“I didn’t want to see it start on Saturday,” said Maddy of North Versailles. “There’s more chance for accidents and more kids out there. I really don’t think people want to hunt on Saturday. That’s when everyone is out in the mountains, partying.”

State game officials said the earlier start to rifle season will increase the deer harvest, specifically bucks, which saw a decrease in the numbers that were killed last year. Deer hunting season continues through Dec. 14.

For some, the early start to the season means more opportunity to hunt.

Tom Murray of Irwin said he didn’t see as many hunters in the woods Saturday as he has on the first day of previous rifle seasons.

“I love it. I don’t have to take a day off of work,” Murray said as he delivered his deer for processing Saturday afternoon.

Brian Mahl of Manor hunted Saturday morning at a sportsman’s club near Irwin.

“It was very busy,” Mahl said. “There was a lot of people out there today. It was either feast or famine, and a lot of people were doing really well.”

Billy’s Country Smokehouse in Hempfield has been processing deer for hunters for about 80 years. Owner Shirley Stana said she’s not sure how Saturday’s start for the season will be accepted or what impact it will have on her business.

Stana said her shop has been busy since archery season started in October, and she expects to remain busy through rifle season. Her shop was certainly busier on Saturday that it would have been had rifle season had its traditional Monday opening. Just how busy remains to be seen, she said.

“You really don’t know,” Stana said.

In past years, Stana said that by lunchtime lines of hunters usually formed outside her tiny shop to drop off their kills for processing. But this year, customers have been slow to arrive. Only 13 hunters had come with their deer shortly after noon Saturday.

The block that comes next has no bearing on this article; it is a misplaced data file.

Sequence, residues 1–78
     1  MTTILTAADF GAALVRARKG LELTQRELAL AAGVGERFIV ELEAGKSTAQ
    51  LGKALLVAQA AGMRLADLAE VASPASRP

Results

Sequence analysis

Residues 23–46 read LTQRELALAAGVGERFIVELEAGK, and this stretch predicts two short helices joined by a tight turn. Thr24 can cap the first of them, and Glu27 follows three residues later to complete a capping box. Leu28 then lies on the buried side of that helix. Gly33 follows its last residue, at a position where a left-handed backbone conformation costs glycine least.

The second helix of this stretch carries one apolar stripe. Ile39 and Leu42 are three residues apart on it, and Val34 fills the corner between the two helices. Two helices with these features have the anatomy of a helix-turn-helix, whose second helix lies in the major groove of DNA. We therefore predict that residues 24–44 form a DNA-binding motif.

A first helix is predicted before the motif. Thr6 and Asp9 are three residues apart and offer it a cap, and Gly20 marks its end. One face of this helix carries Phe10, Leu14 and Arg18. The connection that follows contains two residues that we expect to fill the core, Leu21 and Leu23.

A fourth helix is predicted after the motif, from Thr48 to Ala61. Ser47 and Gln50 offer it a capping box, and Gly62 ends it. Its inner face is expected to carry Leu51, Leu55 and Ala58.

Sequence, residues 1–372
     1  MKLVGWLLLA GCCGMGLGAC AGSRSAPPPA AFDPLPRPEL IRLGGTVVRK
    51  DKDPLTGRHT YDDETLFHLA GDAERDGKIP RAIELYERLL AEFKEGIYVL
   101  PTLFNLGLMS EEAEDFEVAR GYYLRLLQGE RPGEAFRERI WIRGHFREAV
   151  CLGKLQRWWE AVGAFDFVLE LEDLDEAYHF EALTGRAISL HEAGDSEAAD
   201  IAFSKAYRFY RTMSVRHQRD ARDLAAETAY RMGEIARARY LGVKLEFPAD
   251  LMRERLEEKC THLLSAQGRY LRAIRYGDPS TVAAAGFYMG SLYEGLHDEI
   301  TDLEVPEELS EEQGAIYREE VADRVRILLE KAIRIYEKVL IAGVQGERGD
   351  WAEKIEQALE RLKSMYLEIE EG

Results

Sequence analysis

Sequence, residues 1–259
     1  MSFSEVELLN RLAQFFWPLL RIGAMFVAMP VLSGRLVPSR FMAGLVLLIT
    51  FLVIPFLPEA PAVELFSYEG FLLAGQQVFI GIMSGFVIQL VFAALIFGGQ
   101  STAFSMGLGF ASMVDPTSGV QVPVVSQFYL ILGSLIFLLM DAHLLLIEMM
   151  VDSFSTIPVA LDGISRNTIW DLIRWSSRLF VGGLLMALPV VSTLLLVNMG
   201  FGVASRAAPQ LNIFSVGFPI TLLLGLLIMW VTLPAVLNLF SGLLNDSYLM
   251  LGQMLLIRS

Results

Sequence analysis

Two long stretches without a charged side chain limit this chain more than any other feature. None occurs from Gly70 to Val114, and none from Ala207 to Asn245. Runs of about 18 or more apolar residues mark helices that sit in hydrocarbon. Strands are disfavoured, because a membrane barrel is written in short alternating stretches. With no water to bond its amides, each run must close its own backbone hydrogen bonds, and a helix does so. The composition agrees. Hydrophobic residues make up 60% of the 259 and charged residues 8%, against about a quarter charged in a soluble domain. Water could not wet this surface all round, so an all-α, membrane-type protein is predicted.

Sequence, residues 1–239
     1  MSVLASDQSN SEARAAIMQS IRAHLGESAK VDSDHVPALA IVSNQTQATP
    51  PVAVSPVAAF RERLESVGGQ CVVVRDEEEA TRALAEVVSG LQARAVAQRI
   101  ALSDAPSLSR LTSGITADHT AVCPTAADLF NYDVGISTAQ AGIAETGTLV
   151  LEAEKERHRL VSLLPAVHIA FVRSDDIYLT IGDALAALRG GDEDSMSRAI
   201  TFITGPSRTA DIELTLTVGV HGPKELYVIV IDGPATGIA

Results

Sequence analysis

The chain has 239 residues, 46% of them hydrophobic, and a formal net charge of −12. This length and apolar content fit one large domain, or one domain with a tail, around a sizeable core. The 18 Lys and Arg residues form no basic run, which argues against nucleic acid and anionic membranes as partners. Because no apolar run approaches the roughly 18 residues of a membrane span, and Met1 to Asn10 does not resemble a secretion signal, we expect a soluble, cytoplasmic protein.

Mark Zimmerman, owner of Hoffer’s Ligonier Valley Packing, said his business typically processes about 100 animals the first day of rifle season and expects similar or even greater numbers this year.

“I think the Saturday start is going to help people,” Zimmerman said. “A lot of guys can’t get Mondays off anymore so, all in all, I think it’s going to help.”

Zimmerman’s store typically will remain open on weekends, including a few hours Sunday. He said he’ll have to lengthen his hours next year, when Sunday hunting will be allowed for the first time in Pennsylvania.

Justin Lewis of Elizabeth said he’s looking forward to that change.

“I think people are going to like it more because it’s another day to hunt,” Lewis said. “It’s going to be convenient because we’re going to have three extra days, one for archery, one for rifle and whatever the game commission decides for the other day.”

Maddy, though, said Sunday hunting will be one day too many.

“The animals need a day of rest,” Maddy said.

Rich Cholodofsky is a Tribune-Review staff writer. You can contact Rich at 724-830-6293, [email protected] or via Twitter .